Jerry Nelson: Our Jersey steers, like our ancestors, tend to be overachievers
The pioneer family, dressed in their sepia Sunday best, gazes back at the camera.
The guy seated at the left is my great-great-grandfather Jens B. Johnson; second from the right in the front row is his wife, Anna; second from the left in the back row is my great-grandmother Betsey.
Jens, who was born in 1840 at Thilemarken, Norway, was orphaned at age 15. Six years later he scraped up enough money to secure steamship passage to America.
Think about that, young people! Not only did Jens embark on this epic adventure solo, but he did so without sharing his exploits on Snapchat or Instagram. Bear that in mind the next time you complain about a sluggish internet connection.
In 1873, Jens filed a pre-emptive claim on the northwest quarter of section 2, Nordland Township, Lyon County, Minnesota. It’s clear from his obituary, published in the Minneota Mascot in 1917, that Jens was an upstanding citizen.
“This community may owe as much to some of the other early settlers, as it does to Mr. Johnson, but it is safe to say that it owes no more to any other man," it read.
Reading those words makes me feel like a slacker. I have never so much as thought about taking part in establishing a new frontier settlement.
But there’s more. Jens’ obit continues: “To this day there are people here who speak of the help that this couple extended to the ‘newcomers’ and how they gave of their little store, shared their supply of food and shelter with the poor and homeless pioneers. Mr. Johnson himself came here a poor man. But he was a good manager and a capable farmer, and he became, financially speaking, as the years went by, one of the most substantial farmers in this locality.”
Jens must have done pretty well for himself. Sadly, that particular talent didn’t make it into my branch of the family tree.
Betsey married Henry Nelson in 1885, and the newlyweds left Minneota to homestead in Brookings County, Dakota Territory. Henry and Betsey had 12 children. But that was a different era, before there was cable TV.
My Nelson grandparents, like many others, endured tough times during the Great Depression. In the 1930s Grandpa and Grandma and temporarily moved with their young family from Brookings County to Minneota, where they probably leaned on the largesse of their Johnson kin. This reliance on the Johnsons continued after Grandpa and Grandma moved back to the farm where my wife and I live.
Betsey’s sister Sina was a free spirit, especially given the mores of the early 20th century. The story goes that Sina married a wealthy man, divorced him, then remarried the same guy. She never had children.
According to family folklore, Grandpa and Grandma Nelson would visit his elderly Aunt Sina whenever they found themselves short on funds. I have a letter that Sina sent to Grandma after such a visit. The gist of her missive is, “It was so nice to see you folks! The check is in the mail.”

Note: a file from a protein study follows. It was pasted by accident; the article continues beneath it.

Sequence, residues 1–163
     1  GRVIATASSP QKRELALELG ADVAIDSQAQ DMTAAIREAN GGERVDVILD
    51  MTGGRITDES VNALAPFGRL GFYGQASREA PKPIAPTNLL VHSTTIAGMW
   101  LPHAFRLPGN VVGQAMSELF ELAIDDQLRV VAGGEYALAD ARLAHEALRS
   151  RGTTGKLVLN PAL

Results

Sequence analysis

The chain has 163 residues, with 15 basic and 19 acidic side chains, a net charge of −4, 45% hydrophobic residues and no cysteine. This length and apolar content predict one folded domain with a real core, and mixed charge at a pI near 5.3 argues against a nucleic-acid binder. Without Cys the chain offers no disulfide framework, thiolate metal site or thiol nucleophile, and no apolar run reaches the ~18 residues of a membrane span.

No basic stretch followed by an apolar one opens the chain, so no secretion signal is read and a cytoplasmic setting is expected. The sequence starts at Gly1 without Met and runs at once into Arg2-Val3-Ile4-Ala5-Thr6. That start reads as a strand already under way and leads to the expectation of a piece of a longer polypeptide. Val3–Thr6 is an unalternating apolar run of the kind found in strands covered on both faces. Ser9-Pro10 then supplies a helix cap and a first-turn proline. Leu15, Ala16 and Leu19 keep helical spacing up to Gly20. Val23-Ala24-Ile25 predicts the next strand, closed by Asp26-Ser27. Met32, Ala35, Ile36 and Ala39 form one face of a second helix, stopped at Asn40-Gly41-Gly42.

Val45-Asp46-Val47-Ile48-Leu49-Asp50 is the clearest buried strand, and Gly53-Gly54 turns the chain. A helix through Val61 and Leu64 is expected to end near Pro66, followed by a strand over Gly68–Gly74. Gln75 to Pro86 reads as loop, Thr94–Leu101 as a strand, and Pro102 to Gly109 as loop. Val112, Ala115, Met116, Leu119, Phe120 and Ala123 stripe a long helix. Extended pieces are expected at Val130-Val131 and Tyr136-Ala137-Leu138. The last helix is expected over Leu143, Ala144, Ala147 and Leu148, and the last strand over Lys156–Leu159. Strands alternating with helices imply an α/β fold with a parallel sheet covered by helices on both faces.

Tragically, there was no Aunt Sina analogue for me. My wife and I started from scratch and have been scratching ever since.
The farm where Jens homesteaded is now owned by his great-great-grandson Mark Johnson who, I guess, is my third cousin. I called Mark and asked him what he knew about Jens.
“I understand that he helped start the farmer’s cooperative elevator in Minneota,” Mark replied. “There used to be a plaque in the elevator that listed its founders.”
Oh, great! Yet another reason to feel mediocre. I have never so much as thought about taking part in the launch of a grain cooperative.
There have been numerous occasions for me to visit Minneota, a prairie hamlet that sits amidst fields of rich, alluvial farmland. A mile south of town, half a mile east of the south branch of the Yellow Medicine River, is Jens' and Anna’s farmstead. I have driven past numerous times without realizing the import that the place has in my family’s and the community’s history.
One reason for my trips to Minneota has been to purchase Jersey steers from dairy farmers Greg and Becky Moorse. I have known the Moorse family for many years, and they are extremely nice folks. I didn’t comprehend until recently that their farm is situated about a mile east of the Johnson homestead.
For some reason it feels good to know that our steers came from the neighborhood where Jens and Anna settled nearly 150 years ago. And it may explain why our steers, like Jens, tend to be overachievers.
Jerry’s book, Dear County Agent Guy, is available at http://protect-us.mimecast.com/s/jiXjC1wpXrhn62AXotLym1z?domain=workman.com and in bookstores nationwide.